|05-27-2008 10:30 PM|
|Eddie||Adrian took the words right out of my mouth. Literally. Nice Josko.|
|05-22-2008 08:02 AM|
|BigDave||Nice looking fly. Tied in tan or olive that would be a killer on the striper flats.|
|05-22-2008 07:24 AM|
|balticflyfisher||Josko I too have used some of Martin Joergensens CDC/Elk Bonefish variants but I must say I like the look of your shrimp. Any chance on getting a pic of your crab up?|
|05-21-2008 04:03 PM|
Wow, cool tie....
I'll bet that lands really softly?
I would like to show it to a few of our striped friends up here in a month or two
|05-21-2008 02:22 PM|
I'll let Josko elaborate
|05-21-2008 01:40 PM|
|Adrian||Yes please - let's see them!|
|05-21-2008 10:52 AM|
Yup.... they work!
I'd like to see the crab variation?
Josko ... if you like I could post the shrimp?
|05-21-2008 10:50 AM|
Well, I'd be glat to get a few flies out to someone who knows how to photograph them.
I've been using large premium CDC I get at Marlboro each year. I tried using oiler puffs but haven't found a use for them.
|05-21-2008 10:45 AM|
|BigDave||Would love to see some pics of those CDC bonefish flies. Are you using the oiler puffs?|
|05-21-2008 10:42 AM|
In praise of CDC
I've been experimenting with CDC for a few years now, initially motivated by Hans Weillenman's 'CDC elk' troutfly and it's bonefish variant that showed up on globalflyfisher a few years back.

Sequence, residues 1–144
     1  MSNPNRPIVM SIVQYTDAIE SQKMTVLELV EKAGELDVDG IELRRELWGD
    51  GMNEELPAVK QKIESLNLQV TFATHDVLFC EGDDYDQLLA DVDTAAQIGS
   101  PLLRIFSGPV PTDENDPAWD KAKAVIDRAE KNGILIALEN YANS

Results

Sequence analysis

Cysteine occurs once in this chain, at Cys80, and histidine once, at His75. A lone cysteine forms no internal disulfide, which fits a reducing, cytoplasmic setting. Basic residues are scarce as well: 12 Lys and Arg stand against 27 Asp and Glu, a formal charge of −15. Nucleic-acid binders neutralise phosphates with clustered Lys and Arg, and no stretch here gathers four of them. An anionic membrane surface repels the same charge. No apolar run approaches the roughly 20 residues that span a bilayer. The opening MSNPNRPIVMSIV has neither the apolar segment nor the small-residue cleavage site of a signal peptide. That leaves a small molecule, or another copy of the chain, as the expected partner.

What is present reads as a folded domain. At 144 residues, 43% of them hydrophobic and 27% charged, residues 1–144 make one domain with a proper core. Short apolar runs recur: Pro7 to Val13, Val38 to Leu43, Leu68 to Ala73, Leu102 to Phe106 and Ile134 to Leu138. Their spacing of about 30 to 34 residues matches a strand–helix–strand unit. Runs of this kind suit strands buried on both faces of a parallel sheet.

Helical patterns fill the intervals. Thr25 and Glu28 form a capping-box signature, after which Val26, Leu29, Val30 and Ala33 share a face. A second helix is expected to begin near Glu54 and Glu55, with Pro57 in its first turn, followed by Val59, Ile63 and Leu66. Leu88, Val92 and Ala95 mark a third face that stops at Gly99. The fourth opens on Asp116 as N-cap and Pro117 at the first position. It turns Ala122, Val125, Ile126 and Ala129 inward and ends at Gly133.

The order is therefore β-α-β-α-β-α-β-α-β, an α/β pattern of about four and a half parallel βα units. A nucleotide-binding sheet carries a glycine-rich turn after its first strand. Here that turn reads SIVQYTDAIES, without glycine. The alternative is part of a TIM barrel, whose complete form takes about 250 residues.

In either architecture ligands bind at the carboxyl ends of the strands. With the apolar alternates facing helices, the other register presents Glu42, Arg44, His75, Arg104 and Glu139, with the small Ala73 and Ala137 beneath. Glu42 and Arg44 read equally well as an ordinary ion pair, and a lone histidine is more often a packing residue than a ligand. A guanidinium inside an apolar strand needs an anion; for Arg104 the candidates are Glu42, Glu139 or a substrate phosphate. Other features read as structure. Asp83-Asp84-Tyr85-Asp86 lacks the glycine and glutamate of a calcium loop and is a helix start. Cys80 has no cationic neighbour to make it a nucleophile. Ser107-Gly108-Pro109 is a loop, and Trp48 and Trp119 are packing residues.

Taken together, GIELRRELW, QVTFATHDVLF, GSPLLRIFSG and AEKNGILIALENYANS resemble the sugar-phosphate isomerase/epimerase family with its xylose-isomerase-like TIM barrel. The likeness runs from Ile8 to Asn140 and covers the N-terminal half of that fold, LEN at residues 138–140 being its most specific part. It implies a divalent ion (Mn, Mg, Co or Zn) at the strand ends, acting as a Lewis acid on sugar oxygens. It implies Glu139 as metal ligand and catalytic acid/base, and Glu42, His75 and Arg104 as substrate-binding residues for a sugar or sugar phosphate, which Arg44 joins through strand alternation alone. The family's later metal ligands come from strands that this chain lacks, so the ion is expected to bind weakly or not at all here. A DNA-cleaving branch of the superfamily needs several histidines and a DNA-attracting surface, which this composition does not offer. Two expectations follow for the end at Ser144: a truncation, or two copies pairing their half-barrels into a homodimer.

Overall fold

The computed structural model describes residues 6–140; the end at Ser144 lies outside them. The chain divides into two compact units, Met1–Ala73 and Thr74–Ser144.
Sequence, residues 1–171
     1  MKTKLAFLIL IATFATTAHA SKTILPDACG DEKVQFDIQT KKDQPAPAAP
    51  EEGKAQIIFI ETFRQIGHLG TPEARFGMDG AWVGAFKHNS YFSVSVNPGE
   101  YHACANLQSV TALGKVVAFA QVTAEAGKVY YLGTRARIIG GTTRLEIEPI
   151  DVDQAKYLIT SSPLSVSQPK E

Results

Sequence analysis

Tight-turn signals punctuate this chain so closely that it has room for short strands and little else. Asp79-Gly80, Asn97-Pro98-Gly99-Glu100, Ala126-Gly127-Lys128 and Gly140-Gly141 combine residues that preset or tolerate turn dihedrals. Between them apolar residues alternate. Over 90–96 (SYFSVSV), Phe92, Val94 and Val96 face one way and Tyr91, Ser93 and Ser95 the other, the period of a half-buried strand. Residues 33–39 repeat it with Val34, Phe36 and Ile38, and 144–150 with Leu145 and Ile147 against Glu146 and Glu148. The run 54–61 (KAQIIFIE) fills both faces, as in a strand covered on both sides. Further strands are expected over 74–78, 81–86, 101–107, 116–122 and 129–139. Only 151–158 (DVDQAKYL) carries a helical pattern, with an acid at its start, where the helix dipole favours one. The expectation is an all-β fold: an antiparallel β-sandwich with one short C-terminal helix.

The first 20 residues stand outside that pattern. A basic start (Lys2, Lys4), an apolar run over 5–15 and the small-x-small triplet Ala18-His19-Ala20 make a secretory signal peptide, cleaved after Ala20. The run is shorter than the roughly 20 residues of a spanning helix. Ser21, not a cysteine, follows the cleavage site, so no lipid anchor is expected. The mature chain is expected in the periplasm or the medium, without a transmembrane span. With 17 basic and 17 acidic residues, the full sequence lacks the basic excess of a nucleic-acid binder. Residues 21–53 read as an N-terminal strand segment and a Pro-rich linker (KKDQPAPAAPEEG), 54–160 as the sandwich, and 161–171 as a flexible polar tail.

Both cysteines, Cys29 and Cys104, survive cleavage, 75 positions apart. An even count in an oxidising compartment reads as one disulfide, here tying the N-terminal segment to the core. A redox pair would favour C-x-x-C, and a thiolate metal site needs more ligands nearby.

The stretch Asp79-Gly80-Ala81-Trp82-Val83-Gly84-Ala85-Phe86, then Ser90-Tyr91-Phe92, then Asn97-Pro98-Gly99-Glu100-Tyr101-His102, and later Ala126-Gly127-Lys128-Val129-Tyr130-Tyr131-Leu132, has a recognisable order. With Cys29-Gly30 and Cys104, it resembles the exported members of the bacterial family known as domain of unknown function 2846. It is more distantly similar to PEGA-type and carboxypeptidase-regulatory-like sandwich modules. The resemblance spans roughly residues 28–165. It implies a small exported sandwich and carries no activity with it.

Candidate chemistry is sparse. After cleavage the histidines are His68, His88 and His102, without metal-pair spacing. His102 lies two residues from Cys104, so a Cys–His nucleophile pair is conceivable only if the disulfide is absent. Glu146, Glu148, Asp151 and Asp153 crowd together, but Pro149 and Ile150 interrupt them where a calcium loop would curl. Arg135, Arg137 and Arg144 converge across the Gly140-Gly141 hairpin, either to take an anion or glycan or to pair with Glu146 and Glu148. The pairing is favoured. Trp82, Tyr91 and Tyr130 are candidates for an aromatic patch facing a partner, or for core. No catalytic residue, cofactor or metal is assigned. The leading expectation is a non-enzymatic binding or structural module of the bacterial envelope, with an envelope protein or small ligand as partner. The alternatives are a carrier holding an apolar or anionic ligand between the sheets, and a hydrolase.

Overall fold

I've got several flies that use it now and am pretty happy with them. Typically, the CDC is palmered to give the fly body, much as on a CDC elk.
The big thing is ability to vary shine by wetting out a fly. On a dry fly, CDC traps air bubbles and gives it a lot of body and shine. It works well, but the cool thing is the ability to get rid of much of the shine by wetting the fly in your mouth.
When a bonefish refuses, oftentimes the trick is to throw it something rather different. With CDC, just wetting the fly with saliva gets rid of much of the air and presents a MUCH less reflective fly. Oftentimes, this gets a hit just seconds after refusal.
I've worked the CDC elk into a squat crab fly and a couple light shrimp imitations as well, and would strongly suggest experimenting with it. It's also wonderful for cushioning landings on tailing flies. If a wet fly is spooking fish, a few quick false casts (away froim the fish) will dry out the CDC and get you a much softer landing.
(Jim Miller, you are no longer sworn to CDC secrercy. )